'The Wedding Plan': Seattle International Film Festival movie review
The premise - a woman intent on finding a groom in just a matter of weeks - sounds like some brainless Kate Hudson rom-com. However, the Israeli romantic-drama "The Wedding Plan" (screening at the 43rd Seattle International Film Festival starting May 22) reflects on the deep impulses that urge people to find "the one" and pulls at the threads of romanticized marriage.
In short: Michal (Noa Koler) is ready to finally get married - but her fiancé abruptly leaves her on the eve of their wedding. An Orthodox Jew, she refuses to cancel her wedding arrangements and insists that God will supply her a husband in time for her wedding just weeks away.
The film opens with a pair of beautifully composed scenes: the first defines the motives that will drive the rest of the film and the second throws her world into chaos. Michal's sincerity and resolve drives the film. Her fears and longings are plainly laid out at the very first scene, clearly establishing what motivates Michal. She is elementally convicted in her belief in love and in her religious faith.
She is compelled by a void within her. She believes marriage will fill some hole in her -- that it will fulfill some longing in her being. Michal's entire plan is rooted in her professed belief that God will provide a husband to her in time for her wedding, but even this proves to be another void in her. Michal is the film's protagonist and primary antagonist - while she is not self-defeating or self destructive, Michal is resolved in her goal but endlessly internally conflicted anytime she's seriously confronted with a possible husband.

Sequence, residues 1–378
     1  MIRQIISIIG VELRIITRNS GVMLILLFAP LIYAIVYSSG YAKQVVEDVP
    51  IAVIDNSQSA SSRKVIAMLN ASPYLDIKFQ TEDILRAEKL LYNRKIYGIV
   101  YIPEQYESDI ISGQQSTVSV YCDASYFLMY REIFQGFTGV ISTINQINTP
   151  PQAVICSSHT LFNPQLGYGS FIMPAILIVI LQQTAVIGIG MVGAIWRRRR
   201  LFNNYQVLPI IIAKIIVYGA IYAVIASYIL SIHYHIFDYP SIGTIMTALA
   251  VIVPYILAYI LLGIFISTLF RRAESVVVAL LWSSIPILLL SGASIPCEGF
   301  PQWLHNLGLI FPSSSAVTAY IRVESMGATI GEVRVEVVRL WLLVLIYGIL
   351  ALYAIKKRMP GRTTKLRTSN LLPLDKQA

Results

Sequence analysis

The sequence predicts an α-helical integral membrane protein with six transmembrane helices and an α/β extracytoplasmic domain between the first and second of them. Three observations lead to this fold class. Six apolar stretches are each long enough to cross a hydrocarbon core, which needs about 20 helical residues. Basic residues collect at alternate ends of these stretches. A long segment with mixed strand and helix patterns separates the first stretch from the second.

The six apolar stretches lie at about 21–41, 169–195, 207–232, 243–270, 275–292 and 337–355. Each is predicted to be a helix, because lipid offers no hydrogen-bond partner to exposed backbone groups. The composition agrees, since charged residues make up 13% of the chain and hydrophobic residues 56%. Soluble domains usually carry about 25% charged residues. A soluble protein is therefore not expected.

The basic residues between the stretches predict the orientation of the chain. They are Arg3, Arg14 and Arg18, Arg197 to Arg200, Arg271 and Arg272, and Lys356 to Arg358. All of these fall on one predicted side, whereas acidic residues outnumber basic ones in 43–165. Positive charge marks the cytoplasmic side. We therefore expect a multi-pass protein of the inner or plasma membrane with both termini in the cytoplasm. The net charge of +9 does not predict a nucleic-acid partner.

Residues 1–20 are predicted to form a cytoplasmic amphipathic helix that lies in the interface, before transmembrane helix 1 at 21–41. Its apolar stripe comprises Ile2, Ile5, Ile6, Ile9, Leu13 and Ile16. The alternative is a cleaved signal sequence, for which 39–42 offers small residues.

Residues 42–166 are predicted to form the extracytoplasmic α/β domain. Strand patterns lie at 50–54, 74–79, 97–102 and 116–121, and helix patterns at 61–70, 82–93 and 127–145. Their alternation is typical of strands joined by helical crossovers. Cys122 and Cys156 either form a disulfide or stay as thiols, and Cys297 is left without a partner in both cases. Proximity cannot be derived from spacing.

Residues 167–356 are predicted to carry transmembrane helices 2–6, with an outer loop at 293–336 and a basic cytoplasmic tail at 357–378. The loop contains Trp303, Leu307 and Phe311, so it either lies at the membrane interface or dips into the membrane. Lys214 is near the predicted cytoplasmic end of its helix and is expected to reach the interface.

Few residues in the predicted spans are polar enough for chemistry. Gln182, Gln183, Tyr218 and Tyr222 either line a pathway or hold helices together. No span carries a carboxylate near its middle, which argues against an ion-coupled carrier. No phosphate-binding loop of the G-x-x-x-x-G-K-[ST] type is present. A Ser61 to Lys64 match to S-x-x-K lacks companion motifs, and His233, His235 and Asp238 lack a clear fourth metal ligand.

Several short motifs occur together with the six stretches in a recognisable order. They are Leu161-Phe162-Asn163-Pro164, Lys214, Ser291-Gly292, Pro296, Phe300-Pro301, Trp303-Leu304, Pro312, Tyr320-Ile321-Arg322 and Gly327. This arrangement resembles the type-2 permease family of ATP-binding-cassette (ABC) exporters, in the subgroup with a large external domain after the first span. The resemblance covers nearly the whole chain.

Koler's performance as Michal is a classic example of an actor putting a film on her back and carrying it from the very first scene. She exudes a firmness in her certainty that God will provide a husband and a vulnerability in her honesty, as she muses about relationships and marriage. Years of seemingly endless dating and being dumped by her fiancee have pushed Michal to her wit's end - but Koler's performance keeps Michal from ever seeming desperate.
When Michal decides to find a husband in just a matter of weeks, the movie's clock instantly starts counting down. She only has 22 days before her wedding date - so every man she meets is a perspective groom and every day that passes brings her one step closer to the scheduled wedding (that will happen with or without a groom). In her own words, "Everything is possible." But it is the very first scene (which establishes the film's stakes: how and why important marriage is to Michal) that is absolutely crucial to "The Wedding Plan."
Final verdict: "The Wedding Plan" is a thoughtful, witty, mature high-concept reflection on the expectations and reality of dating and courtship. Noa Koler is sensational as a woman deadset on her plan - and equally certain she will utterly fail.
"The Wedding Plan" screens at the 2017 Seattle International Film Festival. The Israeli romance-drama is rated PG for thematic elements and has a running time of 110 minutes.